I have almost nothing to complain about the IT infrastructure at ASU. Wireless works great (there are TWO wireless networks to jump on, the guest one and the one and the official one that works as if you are wired in . . no VPN needed). The servers we use are rarely down. There are wiki solutions and hosting solutions provided by UTO (instead of the “IT department” it’s the University Technology Office) for faculty and staff (and students but I’m staff). my.asu.edu the “portal to everything” (including payroll, hr, help desk as well access to class schedules, grades and other student info) is slow at times and kinda clunky but it works and it’s a big job so I get that it can’t be perfect and I’m happy with how much of my info I can manage online (seems like everything related to data at ASU is done online except for things where you need a signature). I can go on and on about the good and great but this is youfailed.us not youwin.us.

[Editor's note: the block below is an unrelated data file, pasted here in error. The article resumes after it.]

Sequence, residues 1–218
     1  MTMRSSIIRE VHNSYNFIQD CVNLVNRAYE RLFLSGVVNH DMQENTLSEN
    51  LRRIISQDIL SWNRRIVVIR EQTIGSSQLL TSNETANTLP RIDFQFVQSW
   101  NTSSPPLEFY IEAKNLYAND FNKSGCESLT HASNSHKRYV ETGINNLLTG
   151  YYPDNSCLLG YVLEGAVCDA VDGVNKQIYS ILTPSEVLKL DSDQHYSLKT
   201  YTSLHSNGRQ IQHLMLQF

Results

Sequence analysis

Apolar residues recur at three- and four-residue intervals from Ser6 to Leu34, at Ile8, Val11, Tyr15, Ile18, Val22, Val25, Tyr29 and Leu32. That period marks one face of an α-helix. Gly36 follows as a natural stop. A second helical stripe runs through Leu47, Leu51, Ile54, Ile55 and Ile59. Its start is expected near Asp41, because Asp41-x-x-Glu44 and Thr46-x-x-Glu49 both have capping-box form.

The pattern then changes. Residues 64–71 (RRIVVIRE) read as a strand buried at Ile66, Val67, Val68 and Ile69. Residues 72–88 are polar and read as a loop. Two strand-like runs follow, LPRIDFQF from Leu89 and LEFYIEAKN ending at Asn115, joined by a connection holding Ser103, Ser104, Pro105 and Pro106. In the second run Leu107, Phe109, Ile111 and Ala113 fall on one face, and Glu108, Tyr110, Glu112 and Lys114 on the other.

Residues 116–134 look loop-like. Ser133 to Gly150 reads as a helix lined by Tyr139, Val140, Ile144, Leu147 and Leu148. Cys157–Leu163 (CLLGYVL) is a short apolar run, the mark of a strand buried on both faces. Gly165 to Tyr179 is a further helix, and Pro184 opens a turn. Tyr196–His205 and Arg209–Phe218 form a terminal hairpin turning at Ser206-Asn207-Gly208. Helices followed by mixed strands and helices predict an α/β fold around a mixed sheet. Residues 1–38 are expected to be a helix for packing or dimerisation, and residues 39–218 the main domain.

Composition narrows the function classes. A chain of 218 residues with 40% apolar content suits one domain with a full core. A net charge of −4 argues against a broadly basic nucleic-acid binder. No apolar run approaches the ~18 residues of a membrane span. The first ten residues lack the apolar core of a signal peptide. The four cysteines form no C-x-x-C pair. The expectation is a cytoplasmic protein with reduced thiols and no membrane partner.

I’ll sum up my problems with a help ticket I’m about to submit.
I like ASU gmail. I want all my ASU email to go to gmail. But since I need Outlook for testing html email I’ve kept it around and pop’d my messages from there to ASU gmail.
This presents 2 issues: a) in the GAL (global addressbook in Outlook) my email address is firstname.lastname@example.org and that’s the address other Outlook users (including my boss) see, and b) ASU Gmail will only pop exchange about once an hour and that’s not enough (which isn’t something UTO decides . . it’s a limitation of gmail itself and there to protect resources).
Since I can’t (and UTO won’t) change the GAL to my real address without deleting my exchange account I would like to delete my exchange account. I know I would loose access to public folders and the calendar but I don’t use the calendar and we’ll figure out a new way to handle the public folders email that I need to see.
Taxes suck. We pay them at every turn. Seems like everyone it taking a piece of us no matter what we do. Income tax, sales tax, property tax, and even a death tax! And when we look at it that way, sure, TAXES ARE EVIL.